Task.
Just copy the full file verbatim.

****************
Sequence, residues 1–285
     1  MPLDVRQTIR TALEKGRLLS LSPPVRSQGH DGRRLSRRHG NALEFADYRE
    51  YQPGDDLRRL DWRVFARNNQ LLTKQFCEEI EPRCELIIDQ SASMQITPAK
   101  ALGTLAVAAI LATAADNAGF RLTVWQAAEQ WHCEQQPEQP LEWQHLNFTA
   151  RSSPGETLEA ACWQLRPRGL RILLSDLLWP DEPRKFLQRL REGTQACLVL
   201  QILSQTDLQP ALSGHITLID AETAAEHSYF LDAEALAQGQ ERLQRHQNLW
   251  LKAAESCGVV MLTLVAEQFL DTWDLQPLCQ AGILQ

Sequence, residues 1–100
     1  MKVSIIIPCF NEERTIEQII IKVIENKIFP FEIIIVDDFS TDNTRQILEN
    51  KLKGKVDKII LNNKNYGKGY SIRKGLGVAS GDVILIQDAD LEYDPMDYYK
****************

Sequence, residues 1–285
     1  MPLDVRQTIR TALEKGRLLS LSPPVRSQGH DGRRLSRRHG NALEFADYRE
    51  YQPGDDLRRL DWRVFARNNQ LLTKQFCEEI EPRCELIIDQ SASMQITPAK
   101  ALGTLAVAAI LATAADNAGF RLTVWQAAEQ WHCEQQPEQP LEWQHLNFTA
   151  RSSPGETLEA ACWQLRPRGL RILLSDLLWP DEPRKFLQRL REGTQACLVL
   201  QILSQTDLQP ALSGHITLID AETAAEHSYF LDAEALAQGQ ERLQRHQNLW
   251  LKAAESCGVV MLTLVAEQFL DTWDLQPLCQ AGILQ

Sequence, residues 1–100
     1  MKVSIIIPCF NEERTIEQII IKVIENKIFP FEIIIVDDFS TDNTRQILEN
    51  KLKGKVDKII LNNKNYGKGY SIRKGLGVAS GDVILIQDAD LEYDPMDYYK